We have defined a typical BATCH_SIZE of 32 images, which is the number of training examples present in a single iteration or step. And 320 STEPS_PER_EPOCH as the number of iterations or batches needed to complete one epoch.

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Metrics log after 5 epochs

Learning is an iterative process, and one epoch is when an entire dataset is passed through the neural network. The number of epochs controls weight fitting, from underfitting to optimal to overfitting, and it must be carefully selected and monitored.

5. Prediction

Now that we have trained the model and saved it in MODEL_FILE, we can use it to predict the class of an image file — if there is a cat or a dog in an image— . Even after only 5 epochs, the performance of this model is pretty high, with an accuracy over 94%.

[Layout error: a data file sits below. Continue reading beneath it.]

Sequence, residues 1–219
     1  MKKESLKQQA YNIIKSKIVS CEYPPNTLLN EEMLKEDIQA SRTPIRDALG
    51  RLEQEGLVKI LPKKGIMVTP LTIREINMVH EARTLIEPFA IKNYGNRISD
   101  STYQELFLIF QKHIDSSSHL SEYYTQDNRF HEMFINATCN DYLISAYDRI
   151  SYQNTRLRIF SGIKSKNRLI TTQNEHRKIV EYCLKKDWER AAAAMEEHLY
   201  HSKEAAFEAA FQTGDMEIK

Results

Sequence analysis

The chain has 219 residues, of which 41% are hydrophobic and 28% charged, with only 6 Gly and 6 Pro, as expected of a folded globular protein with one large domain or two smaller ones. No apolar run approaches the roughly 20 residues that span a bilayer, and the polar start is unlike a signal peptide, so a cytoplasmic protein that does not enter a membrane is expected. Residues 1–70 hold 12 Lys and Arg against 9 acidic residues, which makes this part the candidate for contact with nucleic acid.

import numpy as np
from keras.preprocessing import image
from keras.models import load_model
def predict(model, img):
x = image.img_to_array(img)
x = np.expand_dims(x, axis=0)
x = preprocess_input(x)
preds = model.predict(x)
return preds[0]
img = image.load_img('test/Dog/110.jpg', target_size=(HEIGHT, WIDTH))
preds = predict(load_model(MODEL_FILE), img)

For instance, we can see bellow some results returned for this model:

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This introduction to transfer learning presents the steps required to adapt a CNN for custom image classification. For simplicity, it uses the cats and dogs dataset, and omits several code. The full code is available as a Colaboratory notebook.

In a next article, we are going to apply transfer learning for a more practical problem of multiclass image classification.